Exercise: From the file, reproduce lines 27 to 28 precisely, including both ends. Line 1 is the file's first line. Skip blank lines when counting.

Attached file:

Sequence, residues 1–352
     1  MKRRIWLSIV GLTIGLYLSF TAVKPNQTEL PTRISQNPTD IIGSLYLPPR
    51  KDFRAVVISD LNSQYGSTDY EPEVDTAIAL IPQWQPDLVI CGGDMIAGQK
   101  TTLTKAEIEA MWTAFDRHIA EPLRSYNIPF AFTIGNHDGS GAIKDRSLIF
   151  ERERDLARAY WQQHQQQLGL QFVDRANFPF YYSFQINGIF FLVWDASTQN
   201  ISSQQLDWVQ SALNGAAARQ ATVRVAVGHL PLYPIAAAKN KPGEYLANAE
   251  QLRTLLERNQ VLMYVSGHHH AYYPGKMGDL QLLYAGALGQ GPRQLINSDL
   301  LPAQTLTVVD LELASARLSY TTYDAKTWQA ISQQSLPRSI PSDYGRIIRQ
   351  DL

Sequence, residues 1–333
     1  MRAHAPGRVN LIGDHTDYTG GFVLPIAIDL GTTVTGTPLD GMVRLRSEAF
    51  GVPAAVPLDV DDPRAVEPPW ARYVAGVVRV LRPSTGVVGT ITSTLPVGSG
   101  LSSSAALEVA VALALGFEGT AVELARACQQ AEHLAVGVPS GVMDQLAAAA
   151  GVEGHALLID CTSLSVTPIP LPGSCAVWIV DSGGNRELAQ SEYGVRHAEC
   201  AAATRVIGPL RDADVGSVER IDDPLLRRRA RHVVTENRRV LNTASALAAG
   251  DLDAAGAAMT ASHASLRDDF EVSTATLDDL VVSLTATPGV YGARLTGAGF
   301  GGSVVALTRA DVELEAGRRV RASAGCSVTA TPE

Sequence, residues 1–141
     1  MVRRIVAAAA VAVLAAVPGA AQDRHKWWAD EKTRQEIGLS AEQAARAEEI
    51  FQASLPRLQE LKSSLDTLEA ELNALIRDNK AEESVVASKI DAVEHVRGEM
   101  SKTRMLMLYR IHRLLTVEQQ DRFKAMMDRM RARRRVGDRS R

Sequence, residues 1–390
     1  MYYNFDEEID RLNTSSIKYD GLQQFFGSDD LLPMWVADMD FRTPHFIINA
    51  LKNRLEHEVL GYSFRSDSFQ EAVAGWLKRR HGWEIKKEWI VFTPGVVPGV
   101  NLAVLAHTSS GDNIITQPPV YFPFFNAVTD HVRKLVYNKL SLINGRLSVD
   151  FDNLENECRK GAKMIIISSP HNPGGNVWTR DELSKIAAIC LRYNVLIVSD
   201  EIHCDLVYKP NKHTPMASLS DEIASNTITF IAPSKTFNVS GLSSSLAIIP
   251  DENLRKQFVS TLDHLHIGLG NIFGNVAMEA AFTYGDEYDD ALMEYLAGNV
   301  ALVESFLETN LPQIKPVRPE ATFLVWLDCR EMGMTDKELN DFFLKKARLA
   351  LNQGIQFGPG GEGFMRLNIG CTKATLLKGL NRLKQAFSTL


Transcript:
   201  EIHCDLVYKP NKHTPMASLS DEIASNTITF IAPSKTFNVS GLSSSLAIIP
   251  DENLRKQFVS TLDHLHIGLG NIFGNVAMEA AFTYGDEYDD ALMEYLAGNV